The last decade has seen explosive growth in the demand for Third Party Logistics (3PL) Providers.
Manufacturers and retailers must trust their supply chains are robust. This is where 3PLs come in. A successful 3PL takes the stress out of your supply chain management and crafts the best turn-key logistics solution possible. Logistics services is all about taking your finished product from the factory to your distributer by the most cost-effective means.
Hire and Forget – Whatever The Distance
Outsourcing a 3PL transfers the responsibility of supply chain management, allowing you as a manufacturer to concentrate on production. A 3PL can handle warehouse distribution and transportation for you, integrating seamlessly with all points of your business’s supply chain. Advances in communication and computing technology have given 3PLs vast data network capability, effectively shrinking the world, and reducing the task of tracking and controlling inventory made in China but sold in the USA to a walk in the park.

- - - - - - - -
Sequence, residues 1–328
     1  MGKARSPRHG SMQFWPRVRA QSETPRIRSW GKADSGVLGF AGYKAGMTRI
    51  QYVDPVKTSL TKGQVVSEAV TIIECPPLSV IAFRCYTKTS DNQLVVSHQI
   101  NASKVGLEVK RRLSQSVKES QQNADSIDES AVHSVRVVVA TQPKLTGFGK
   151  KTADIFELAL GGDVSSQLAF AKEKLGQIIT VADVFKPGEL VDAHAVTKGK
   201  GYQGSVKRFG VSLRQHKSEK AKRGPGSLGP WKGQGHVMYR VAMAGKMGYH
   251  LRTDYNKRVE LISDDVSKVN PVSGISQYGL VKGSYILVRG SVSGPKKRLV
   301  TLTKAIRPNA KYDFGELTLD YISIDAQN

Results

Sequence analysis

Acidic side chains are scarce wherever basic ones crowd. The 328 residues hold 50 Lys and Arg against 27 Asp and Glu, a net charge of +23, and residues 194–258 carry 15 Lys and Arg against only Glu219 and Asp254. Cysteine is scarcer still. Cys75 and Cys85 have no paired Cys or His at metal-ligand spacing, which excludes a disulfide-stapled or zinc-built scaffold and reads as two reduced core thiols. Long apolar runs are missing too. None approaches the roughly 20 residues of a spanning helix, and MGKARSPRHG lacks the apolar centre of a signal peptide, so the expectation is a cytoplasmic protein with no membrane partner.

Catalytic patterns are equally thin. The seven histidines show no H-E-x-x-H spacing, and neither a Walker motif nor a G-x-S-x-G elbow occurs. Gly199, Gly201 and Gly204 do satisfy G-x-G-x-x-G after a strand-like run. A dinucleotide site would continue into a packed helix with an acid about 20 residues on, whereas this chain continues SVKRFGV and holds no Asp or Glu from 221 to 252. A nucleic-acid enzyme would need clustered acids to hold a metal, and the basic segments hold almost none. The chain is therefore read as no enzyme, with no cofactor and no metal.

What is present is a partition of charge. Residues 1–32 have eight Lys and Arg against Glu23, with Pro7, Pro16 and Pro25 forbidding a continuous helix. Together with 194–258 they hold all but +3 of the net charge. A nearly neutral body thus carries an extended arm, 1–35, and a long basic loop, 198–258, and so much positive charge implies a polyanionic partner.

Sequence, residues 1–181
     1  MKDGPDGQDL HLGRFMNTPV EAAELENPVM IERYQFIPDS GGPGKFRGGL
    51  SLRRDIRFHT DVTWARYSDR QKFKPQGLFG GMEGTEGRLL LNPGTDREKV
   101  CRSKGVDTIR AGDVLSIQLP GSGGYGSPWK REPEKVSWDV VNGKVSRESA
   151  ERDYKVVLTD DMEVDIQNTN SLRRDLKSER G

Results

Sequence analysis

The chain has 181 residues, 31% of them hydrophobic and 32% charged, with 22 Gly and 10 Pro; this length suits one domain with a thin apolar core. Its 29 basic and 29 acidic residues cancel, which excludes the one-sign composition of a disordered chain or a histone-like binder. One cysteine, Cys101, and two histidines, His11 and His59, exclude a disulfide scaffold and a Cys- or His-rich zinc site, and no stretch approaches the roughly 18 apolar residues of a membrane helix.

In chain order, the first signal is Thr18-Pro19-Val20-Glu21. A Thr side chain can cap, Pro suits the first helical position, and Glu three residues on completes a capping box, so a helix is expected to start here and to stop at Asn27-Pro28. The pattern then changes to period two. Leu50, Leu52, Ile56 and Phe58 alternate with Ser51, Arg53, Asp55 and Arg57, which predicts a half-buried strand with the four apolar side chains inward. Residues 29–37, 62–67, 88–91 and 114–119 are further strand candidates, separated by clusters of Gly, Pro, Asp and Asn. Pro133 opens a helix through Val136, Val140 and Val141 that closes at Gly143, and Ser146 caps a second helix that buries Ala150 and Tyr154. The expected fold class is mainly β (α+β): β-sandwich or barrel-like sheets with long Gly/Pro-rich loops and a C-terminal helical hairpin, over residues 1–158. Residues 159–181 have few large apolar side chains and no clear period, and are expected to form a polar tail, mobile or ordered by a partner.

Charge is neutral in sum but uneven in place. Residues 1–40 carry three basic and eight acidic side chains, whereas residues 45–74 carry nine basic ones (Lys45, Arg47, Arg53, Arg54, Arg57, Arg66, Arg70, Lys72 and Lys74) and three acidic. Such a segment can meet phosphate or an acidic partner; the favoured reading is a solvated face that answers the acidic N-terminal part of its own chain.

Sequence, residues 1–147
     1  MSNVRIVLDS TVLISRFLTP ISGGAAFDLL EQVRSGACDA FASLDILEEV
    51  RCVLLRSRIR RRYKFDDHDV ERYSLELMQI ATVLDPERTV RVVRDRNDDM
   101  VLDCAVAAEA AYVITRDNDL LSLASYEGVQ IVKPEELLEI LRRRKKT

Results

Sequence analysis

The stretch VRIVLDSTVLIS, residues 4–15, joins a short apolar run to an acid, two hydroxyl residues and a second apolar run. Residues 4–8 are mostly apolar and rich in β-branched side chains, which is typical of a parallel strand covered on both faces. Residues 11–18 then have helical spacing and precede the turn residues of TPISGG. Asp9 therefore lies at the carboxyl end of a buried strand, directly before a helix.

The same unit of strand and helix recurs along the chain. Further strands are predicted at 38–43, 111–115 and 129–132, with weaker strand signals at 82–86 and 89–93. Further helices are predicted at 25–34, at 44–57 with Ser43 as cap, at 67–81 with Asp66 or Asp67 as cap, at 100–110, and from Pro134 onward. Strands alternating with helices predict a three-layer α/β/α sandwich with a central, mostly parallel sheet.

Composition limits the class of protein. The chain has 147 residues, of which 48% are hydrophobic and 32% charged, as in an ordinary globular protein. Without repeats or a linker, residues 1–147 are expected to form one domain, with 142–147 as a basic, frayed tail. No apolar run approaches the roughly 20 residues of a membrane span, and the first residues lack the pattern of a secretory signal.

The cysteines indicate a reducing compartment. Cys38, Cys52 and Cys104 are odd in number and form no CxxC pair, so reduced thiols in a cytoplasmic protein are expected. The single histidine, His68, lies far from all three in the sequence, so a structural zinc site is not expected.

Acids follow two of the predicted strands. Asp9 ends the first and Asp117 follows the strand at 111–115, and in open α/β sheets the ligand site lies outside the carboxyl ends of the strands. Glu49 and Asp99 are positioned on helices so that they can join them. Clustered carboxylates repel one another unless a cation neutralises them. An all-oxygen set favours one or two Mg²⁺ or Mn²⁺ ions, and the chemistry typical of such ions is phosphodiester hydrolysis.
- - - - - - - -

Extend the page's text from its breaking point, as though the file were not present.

Flexibility Needn’t Mean Assets
3PLs can be both asset and non-asset based, or a combination of both. Owning a large warehouse facility, for example, allows a 3PL to offer you the cheapest possible storage prices. Similar with transportation, if the 3PL owns a fleet of trucks, out goes the middleman and down goes the cost.
Often, a non-asset based approach can prove more flexible. Let’s suppose you’re experiencing a temporary volume surge in sales. Your 3PL might be avoid the option of tying up capital in more trucks when it’s cheaper to hire a hauler as and when needed for a fee.
Flexibility is key for today’s 3PL. The old blue-collar mentality of a company with a few sheds and trucks operating within a local radius has long gone. You should expect your 3PL to adjust to the ever changing requirements of your customer base. Your suppliers and buyers will inevitably come and go as better deals are struck. Your 3PL should be robust enough to integrate these changes into your supply chain management.
Logistics Services Big and Small
Usually the 3PL is required to combine a prime activity, for example, warehousing distribution, with ancillary services such as logistics planning and inventory control. Other so-called value-add services include pick and pack, order fulfilment, freight forwarding and cross docking. Smaller niche players without the resource to deliver multiple services can find themselves disadvantaged, or are often sub-contracted by the larger 3PLs. In the world of the 3PL, size and market clout certainly go together.